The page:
We need to watch the tendency to interpret data through a traditional lens, trying to make sense of data points as though they were static, without taking into account the shifting social and economic landscape swirling around us. We need to look at economic indicators within the context of change. Statisticians have a propensity and preference for benchmarking data points against markers from the past, called past predictors, but this method doesn’t work in a dynamic marketplace where the past is no predictor of the future.

Why aren't jobs being created? Let’s suppose that even within a service economy, there is plenty of work that needs to be done...but it's not getting packaged up in terms of jobs. There are large disincentives for employers to create new jobs, the largest of which is cost. It's expensive to create jobs. Typically, it costs an employer 38% above a new hire’s salary just to provide benefits, most of which is health care cost. And, that number doesn’t take into account the rising costs of unemployment and other types of insurance.

Bottom-line: employers are not in the position to create jobs. It's too dang expensive. It’s easier to hire temp workers. And, that’s not necessarily a bad thing.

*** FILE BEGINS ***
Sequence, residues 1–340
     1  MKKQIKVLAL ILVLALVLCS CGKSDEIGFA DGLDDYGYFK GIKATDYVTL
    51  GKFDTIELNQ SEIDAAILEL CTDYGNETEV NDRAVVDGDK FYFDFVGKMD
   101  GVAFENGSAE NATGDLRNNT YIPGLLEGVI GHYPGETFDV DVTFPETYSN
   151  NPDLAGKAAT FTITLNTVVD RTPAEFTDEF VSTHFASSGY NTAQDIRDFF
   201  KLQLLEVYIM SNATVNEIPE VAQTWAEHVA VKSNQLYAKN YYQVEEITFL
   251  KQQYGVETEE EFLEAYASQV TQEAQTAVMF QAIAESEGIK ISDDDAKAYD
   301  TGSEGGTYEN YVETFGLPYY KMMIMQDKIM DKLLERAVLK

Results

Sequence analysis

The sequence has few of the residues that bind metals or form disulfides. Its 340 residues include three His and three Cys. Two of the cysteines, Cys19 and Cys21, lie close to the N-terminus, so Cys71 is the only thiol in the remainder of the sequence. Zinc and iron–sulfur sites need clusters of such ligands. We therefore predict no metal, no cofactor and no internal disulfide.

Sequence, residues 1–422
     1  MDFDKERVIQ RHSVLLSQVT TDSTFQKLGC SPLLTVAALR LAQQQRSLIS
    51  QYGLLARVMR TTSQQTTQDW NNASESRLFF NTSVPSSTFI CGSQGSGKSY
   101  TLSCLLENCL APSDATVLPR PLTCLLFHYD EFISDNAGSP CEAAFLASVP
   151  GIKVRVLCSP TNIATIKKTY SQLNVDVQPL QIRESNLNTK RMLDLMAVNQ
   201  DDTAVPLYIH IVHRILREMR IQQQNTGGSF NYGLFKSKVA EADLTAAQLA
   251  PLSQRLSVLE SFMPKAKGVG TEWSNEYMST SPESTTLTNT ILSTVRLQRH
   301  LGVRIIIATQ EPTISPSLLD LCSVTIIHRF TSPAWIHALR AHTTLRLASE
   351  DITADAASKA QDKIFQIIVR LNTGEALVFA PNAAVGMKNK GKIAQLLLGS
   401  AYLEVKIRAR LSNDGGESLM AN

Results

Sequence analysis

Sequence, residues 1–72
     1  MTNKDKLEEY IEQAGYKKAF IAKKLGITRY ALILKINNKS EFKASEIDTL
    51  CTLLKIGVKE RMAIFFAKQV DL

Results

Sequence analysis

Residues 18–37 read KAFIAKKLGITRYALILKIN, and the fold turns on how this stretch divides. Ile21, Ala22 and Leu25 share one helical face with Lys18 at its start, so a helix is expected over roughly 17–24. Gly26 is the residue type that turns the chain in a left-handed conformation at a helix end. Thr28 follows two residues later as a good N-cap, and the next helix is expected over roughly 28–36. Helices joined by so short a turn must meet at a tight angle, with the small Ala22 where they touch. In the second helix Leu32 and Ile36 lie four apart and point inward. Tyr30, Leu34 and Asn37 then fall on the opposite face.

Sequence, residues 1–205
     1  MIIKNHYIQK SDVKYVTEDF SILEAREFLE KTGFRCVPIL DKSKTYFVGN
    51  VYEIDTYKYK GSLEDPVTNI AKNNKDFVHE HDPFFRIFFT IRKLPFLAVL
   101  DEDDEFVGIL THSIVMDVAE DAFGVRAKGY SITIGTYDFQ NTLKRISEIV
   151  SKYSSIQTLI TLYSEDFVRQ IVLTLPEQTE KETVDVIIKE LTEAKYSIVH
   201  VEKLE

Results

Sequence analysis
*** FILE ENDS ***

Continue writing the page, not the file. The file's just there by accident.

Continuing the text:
The Labor Department said Friday that employers cut 85,000 jobs last month, worse than the 8,000 drop analysts expected."

Why are employers continuing to cut jobs? One reason is that business credit continues to be tight, despite what you hear from Washington.

Banks aren't lending, and even if they want to lend, they are being prevented from doing so by overzealous regulators who have been given orders rigidly to enforce existing rules and procedures, a kind of over-reaction to lax regulation of the past, and without taking into consideration the exigencies of the present. While this may sound good because we need strong enforcement of existing regulation, it's not. What this means is that banks cannot be flexible with their customers and are foreclosing on customers who have just hit a "tight corner" on liquidity and need some flexibility. More on this tomorrow...